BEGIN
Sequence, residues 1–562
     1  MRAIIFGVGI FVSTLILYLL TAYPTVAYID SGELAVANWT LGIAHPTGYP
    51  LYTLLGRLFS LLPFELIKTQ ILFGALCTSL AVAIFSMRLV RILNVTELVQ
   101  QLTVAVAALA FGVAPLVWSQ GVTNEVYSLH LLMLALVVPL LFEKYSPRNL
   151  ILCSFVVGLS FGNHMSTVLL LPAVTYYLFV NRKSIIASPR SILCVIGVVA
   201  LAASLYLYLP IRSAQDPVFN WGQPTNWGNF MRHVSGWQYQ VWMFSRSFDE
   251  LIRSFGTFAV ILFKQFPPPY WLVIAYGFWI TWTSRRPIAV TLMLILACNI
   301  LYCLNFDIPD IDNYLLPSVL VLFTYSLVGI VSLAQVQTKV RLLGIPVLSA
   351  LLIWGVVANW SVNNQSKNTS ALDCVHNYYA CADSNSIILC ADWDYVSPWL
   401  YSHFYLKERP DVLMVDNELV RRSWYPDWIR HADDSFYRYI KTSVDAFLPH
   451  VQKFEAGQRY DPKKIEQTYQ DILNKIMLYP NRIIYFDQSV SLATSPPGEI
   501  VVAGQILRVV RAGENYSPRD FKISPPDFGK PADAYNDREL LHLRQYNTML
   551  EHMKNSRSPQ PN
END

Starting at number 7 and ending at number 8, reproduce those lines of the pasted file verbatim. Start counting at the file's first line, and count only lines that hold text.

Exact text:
   251  LIRSFGTFAV ILFKQFPPPY WLVIAYGFWI TWTSRRPIAV TLMLILACNI
   301  LYCLNFDIPD IDNYLLPSVL VLFTYSLVGI VSLAQVQTKV RLLGIPVLSA